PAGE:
The Need for an International Solution to Illicit Financial Flows

by Rohit Sinha on November 14, 2013

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This summer, the UN High-Level Panel’s Report on the Post-Millennium Development Goal Agenda called on countries to work together to reduce illicit financial flows (IFFs) and tax evasion and increase stolen asset recovery. The international community would do well to heed the Report’s recommendations. Global Financial Integrity, a Washington, D.C.-based research and advocacy organization, estimates that developing countries lose nearly USD 1 trillion in IFFs—including everything from corruption to tax evasion—every year. This sobering statistic reflects a boom in fraudulent activity by global actors and an international financial structure ill-equipped to stop them. Cooperation among countries to bolster regulation of transnational financial flows, as the Report proposes, is essential to curbing IFFs.

Existing efforts to tackle IFFs are narrowly focused on curbing domestic money laundering and tax evasion. The recent Foreign Account Tax Compliance Act passed by the U.S. Congress, which seeks to recover the estimated  $150 billion lost to the U.S. government annually in tax haven abuses, is a case in point. While small-scale domestic initiatives are a start, an increasingly global problem calls for a global solution. Both developing and developed countries should move beyond narrow initiatives curbing discrete problems like tax evasion and collaborate on a more multifaceted and integrated set of solutions to tackle IFFs.

Current International Response to IFFs

Various United Nations instruments already exist to combat IFFs. For example, the UN Convention Against Corruption (UNCAC) is the first legally binding international anti-corruption instrument and has 168 parties. Its provisions focus on international cooperation, asset recovery, technical assistance, and information exchange between countries. However, the dearth of technical cooperation between developed and developing countries has hindered the effective enactment and enforcement of these provisions.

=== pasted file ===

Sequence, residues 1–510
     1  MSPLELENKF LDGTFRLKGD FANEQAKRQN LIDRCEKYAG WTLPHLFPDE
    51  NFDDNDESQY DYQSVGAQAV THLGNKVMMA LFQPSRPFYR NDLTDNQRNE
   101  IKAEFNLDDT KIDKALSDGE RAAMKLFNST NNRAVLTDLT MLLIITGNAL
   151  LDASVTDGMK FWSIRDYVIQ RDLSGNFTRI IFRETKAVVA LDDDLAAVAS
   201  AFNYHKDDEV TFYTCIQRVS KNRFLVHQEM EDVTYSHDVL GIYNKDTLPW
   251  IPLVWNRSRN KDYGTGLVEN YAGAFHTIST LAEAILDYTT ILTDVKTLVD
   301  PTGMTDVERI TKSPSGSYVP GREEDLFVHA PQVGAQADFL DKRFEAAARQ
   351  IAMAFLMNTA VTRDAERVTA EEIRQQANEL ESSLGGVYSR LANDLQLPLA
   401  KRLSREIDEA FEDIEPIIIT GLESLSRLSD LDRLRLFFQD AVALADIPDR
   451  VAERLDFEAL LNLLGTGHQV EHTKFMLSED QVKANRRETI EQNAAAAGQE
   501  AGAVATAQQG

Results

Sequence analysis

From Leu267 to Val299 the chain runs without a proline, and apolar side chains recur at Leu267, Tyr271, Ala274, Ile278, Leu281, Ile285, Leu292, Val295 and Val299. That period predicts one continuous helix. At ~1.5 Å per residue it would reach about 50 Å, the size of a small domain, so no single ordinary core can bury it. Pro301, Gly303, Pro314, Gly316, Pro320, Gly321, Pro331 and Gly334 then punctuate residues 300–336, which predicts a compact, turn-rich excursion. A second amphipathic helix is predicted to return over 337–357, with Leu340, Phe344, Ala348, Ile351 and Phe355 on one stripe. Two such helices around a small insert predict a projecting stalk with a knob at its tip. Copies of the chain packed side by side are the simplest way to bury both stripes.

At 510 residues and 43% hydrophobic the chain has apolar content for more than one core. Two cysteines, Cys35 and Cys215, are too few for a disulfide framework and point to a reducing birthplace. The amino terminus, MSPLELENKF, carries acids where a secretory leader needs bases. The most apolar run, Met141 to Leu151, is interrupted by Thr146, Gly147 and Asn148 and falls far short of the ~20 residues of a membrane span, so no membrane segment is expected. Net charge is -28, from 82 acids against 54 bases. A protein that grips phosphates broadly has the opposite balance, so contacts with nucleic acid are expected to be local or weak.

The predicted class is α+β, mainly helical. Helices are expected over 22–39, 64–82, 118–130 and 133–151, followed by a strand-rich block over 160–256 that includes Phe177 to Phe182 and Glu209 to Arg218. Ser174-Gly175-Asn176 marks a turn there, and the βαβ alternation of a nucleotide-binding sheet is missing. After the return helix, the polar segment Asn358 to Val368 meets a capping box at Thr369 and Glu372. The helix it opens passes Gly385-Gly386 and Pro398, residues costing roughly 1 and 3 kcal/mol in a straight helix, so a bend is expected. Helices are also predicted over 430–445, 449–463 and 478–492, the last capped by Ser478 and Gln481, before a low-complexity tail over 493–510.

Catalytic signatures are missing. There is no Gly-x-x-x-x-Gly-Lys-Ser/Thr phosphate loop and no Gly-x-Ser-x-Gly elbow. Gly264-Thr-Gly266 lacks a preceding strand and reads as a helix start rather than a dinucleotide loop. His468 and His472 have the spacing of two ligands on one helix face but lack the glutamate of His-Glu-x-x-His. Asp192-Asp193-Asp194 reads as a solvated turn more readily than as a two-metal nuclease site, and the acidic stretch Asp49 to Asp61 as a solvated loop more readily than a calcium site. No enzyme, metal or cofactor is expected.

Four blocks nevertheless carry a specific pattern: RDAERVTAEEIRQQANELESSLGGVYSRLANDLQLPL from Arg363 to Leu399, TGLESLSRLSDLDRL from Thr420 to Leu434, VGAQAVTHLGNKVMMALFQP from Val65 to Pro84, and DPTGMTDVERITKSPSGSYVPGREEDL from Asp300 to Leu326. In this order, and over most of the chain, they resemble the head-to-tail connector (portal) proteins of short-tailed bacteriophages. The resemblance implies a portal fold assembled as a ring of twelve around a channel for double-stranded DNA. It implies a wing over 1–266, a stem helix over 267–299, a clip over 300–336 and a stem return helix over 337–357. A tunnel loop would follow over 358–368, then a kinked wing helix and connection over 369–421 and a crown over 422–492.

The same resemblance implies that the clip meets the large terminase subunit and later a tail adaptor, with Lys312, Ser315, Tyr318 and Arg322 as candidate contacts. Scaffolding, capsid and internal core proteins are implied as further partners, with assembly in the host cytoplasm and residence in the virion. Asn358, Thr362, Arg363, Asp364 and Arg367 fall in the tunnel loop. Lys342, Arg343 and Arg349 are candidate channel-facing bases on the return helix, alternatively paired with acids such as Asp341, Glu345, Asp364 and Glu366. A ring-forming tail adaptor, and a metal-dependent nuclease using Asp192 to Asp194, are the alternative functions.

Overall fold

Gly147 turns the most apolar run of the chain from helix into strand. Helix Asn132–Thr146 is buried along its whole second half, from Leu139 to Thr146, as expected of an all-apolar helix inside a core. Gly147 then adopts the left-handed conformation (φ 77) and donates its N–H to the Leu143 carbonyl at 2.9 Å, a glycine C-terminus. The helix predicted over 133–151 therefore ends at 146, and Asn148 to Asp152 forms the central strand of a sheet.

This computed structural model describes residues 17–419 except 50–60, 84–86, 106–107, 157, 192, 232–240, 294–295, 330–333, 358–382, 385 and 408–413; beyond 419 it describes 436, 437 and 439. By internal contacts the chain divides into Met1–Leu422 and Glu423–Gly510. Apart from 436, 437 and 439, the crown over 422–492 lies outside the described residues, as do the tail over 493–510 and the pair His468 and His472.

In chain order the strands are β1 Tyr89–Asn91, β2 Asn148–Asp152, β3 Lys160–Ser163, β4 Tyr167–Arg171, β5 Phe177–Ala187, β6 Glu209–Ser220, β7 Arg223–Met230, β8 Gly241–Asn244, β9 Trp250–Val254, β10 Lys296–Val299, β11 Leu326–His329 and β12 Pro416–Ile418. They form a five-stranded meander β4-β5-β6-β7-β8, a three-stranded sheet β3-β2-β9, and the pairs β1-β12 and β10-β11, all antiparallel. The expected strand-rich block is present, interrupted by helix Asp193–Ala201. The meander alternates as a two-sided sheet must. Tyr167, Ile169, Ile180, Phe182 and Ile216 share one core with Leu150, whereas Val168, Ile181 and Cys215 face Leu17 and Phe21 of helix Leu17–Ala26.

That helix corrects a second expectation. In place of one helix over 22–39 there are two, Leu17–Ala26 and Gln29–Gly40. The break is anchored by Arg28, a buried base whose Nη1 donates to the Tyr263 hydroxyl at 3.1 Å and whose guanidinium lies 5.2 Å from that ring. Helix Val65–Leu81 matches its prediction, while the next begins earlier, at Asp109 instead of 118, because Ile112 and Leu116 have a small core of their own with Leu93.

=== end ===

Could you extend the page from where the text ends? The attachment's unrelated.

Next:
IFFs are also firmly on the agenda of the G20 forum. One of the core objectives of the G20 forum is to limit global imbalances in financial flows, including the possibility of regulatory arbitrage. In response to a proposal by the Organization for Economic Cooperation and Development (OECD) for a global model for the automatic exchange of information, G20 leaders announced in September 2013 that they expected “to begin to exchange information automatically on tax matters among G20 members by the end of 2015” and urged all countries to join the Convention on Mutual Administrative Assistance on Tax Matters “without further delay.”

Additionally, the G20 has mandated that the Financial Action Task Force (FATF), an intergovernmental body that issues standards and recommendations pertaining to threats to the international financial system, as well as identifying and monitoring high-risk jurisdictions. However, without a comprehensive model to estimate IFFs, this task will be difficult as it is often hard to tell the difference between licit and illicit financial flows. The recent revelation that Apple had been shielding billions of dollars from taxation by declaring that three subsidiary companies had “no tax residency” in Cork, Ireland, where they were incorporated, is a case in point.

Going Forward

These international efforts are important, but tend to mirror domestic efforts that are narrowly focused and difficult to enforce. More comprehensive initiatives are needed to truly make an impact. Developed countries should hold their financial institutions to higher standards of corporate governance and promote greater accountability and transparency in their services. They should also provide greater technical assistance to developing countries. Developing countries  should strengthen their economies and institutions and implement the rule of law. It is also essential that they remain active in efforts to curb IFFs, as the loss of approximately $1 trillion dollars from developing countries to IFFs is almost thirteen times the amount that EU member states spent on development aid in 2012.

These reforms require massive structural overhauls and should occur gradually.  In the meantime, groups like the G20 and G8 should continue to lead coordinated efforts for automatic cross-border exchange of tax information, disclosure of beneficial ownership information for all companies, greater enforcement of and penalties for trade mispricing, and exploitative transfer pricing and money laundering. These initiatives can serve as models for the broader international community. Additionally, multinational corporations throughout the world should be required to publish information on their sales, profits, taxes paid, and number of employees on a country-by-country basis. Finally, countries should require financial institutions to identify the ultimate “beneficial” owner of all accounts held in, or passing through, their jurisdictions.

The UN High-Level Panel Report calls for a more effective and robust global partnership between countries to tackle development challenges.  Given the transnational impacts of IFFs, this type of partnership is needed more than ever.

Views expressed in this piece are solely the author’s.

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